By Jolie McCullough, Texas Tribune
Starting July 1, the Texas prison system will again accept inmates from county jails on a limited basis after halting intake three months ago due to the coronavirus pandemic.
The Texas Department of Criminal Justice sent a letter to Texas sheriffs Monday, saying mass testing has given the agency more flexibility to move inmates into and around the state’s more than 100 prison facilities. As of Monday, TDCJ has completed more than 100,000 coronavirus tests on state prisoners, according to prison data. More than 7,400 inmates have tested positive for the virus, and at least 54 prisoners and eight employees have died with COVID-19.
“This effort will require extensive coordination between our organizations moving forward, but I am confident the measures put in place will minimize the potential spread of COVID-19 while we safely receive offenders into the state’s criminal justice system,” TDCJ Executive Director Bryan Collier said in the letter obtained by The Texas Tribune on Tuesday.
The state prison system stopped intake of people in county jails who had been sentenced to prison in April, after at least 10 county jails reported the virus in their lockups and Texas prisons had nearly 200 cases. Normally, counties send commitment papers over to TDCJ after an inmate has been handed a prison sentence, and the state prison system has to take them in within 45 days, according to state statute. By halting intake from counties, the state prison population dropped from about 140,000 inmates in March to about 131,000 in May, according to state reports.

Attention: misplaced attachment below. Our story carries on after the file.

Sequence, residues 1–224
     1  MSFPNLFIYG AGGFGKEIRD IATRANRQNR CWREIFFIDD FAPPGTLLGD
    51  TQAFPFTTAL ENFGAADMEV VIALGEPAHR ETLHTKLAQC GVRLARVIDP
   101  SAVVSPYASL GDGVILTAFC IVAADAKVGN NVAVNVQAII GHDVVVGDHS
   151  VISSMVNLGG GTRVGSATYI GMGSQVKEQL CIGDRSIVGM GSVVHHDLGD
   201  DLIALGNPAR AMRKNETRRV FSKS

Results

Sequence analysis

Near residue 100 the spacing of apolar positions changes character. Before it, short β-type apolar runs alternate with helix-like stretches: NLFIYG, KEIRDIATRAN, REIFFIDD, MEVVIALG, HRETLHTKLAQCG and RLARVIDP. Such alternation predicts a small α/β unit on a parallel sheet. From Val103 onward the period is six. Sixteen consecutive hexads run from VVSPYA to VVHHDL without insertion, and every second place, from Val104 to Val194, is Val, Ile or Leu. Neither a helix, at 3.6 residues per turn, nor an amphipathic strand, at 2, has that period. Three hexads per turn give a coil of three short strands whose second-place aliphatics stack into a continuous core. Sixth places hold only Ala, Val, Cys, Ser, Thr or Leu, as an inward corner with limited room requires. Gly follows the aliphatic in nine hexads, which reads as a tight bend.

On Monday, 19 counties reported 546 inmates with active cases of coronavirus within their jails. TDCJ lists about 2,350 of their prisoner cases as active.
The decision to halt intake for months prompted outcry from some county sheriffs who moved to lower their jail populations due to the pandemic and then were forced to keep inmates in their custody. In May, the Bexar County Sheriff’s Office asked the state for $468,000 to reimburse jail costs for holding TDCJ-ready inmates, according to KSAT.
The flow of inmates from county jails to prison lockups, however, will still be limited when it begins next month — bringing in about 250 new inmates a week down from about 250 a day. In a statement Tuesday, TDCJ said the agency will coordinate with each county to go through an inmate screening process, and new inmates will be housed separate from the general population for two weeks.
On Monday, the agency also announced it would begin moving inmates approved for release on parole to units where they can participate in programs that they must complete before they can actually be released. Thousands of parole-approved prisoners have waited months to be transferred to units where they can complete such programs.